Scout Barry Fraser Obituary, Former Oilers head has passed away – Death

Scout Barry Fraser Obituary, Former Oilers head has passed away - Death

Scout Barry Fraser Obituary, Death –  The death of former Oilers head scout Barry Fraser, who passed away at the age of 82, was confirmed by the team on Sunday. Fraser’s savvy selection picks helped construct a hockey dynasty in Edmonton. A message on the Oilers’ official Twitter account confirmed the news that Fraser had passed away in Edmonton on Sunday. No information on the cause of death has been made public. According to Glen Sather, a former coach for the Oilers as well as the general manager of the team, “He was a wonderful guy to be around, everyone [who had gotten to know him] enjoyed the guy, even the opposition scouts in the league — he got along pretty well with people.” “He was an employee of the Oilers and I for [about] 15–18 years,” I said. We got along very well, and I listened to his decisions and opinions about who we ought to draft. One of the primary contributors to the success of the great Oilers teams of the 1980s and 1990s was Fraser. The product of Kirkland, Ontario, who was appointed the team’s scouting director in 1979 is credited for picking future Hockey Hall of Famers Mark Messier, Jari Kurri, Glenn Anderson, Kevin Lowe, and Grant Fuhr. He was also responsible for choosing Paul Coffey and Kevin Lowe.

“He recruited a large number of excellent players for us. Our workforce consisted of a lot of fresh faces. Naturally, they went through childhood together and eventually became a large number of star players and Hall of Famers,” Sather added. “You could truly go through the roster, and you know that this club was drafted by the Oilers, but you also know that it was really on the advise of Barry Fraser, and I don’t think the general fan gives the scouts enough credit.. You have a decent chance of getting better if you make an effort to put together a team and you have a strong scouting staff. Sather referred to Fraser as another “tough competitor” in the race.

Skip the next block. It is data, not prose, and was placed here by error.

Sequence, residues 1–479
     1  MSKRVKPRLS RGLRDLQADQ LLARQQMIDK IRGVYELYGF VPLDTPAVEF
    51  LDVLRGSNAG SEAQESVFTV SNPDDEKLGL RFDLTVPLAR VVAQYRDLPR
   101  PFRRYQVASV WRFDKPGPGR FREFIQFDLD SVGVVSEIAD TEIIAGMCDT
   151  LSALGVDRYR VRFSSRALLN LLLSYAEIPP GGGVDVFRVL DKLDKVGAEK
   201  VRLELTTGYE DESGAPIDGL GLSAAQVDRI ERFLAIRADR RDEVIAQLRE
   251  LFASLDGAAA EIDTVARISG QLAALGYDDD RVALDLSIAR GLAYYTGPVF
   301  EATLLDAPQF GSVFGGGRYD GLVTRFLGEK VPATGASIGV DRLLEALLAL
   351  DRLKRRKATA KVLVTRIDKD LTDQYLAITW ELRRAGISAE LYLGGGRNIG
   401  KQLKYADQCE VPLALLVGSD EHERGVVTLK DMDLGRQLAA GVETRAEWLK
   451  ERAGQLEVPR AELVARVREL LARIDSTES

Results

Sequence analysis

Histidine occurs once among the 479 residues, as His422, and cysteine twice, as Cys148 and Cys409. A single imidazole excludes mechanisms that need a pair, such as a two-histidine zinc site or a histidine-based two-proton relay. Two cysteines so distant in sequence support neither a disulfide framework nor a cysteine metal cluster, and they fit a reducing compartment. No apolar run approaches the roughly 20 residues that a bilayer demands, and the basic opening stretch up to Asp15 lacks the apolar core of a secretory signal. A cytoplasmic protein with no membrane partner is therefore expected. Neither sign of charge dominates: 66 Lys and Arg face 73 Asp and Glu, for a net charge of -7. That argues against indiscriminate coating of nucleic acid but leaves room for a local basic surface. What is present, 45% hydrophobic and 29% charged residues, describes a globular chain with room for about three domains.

After one game of the 1987 Stanley Cup Final, when Mike Keenan, then the coach of the Philadelphia Flyers, tried to shake hands with Fraser, Fraser turned his back on him and walked away. Edmonton went on to win the game 4-3. Sather asserts that Keenan would order players into battle even though the outcome of the games was already decided. According to Sather, “[Fraser] was an extroverted character, and he was enjoyable to be around; nevertheless, he was also very serious about his profession, and winning and losing — he despised losing.” Not only on the Oilers, but also on the rest of the league, Fraser left his imprint.

“I believe that the impact that he had on the game can be seen if you take a look at the record of this club. “Back in those days, the National Hockey League did not expect us to do a lot of things that we did,” Sather remarked. And Barry was a member of the squad. There were a lot of decent folks on our team. We collaborated as a group to get the job done. And in terms of people, the squad wasn’t nearly as large as those that are fielded now, but Barry put in a lot of effort. It’s likely that he spent somewhere between six and twelve times a year in Europe. He put in a lot of effort, and it was the key to his success.”

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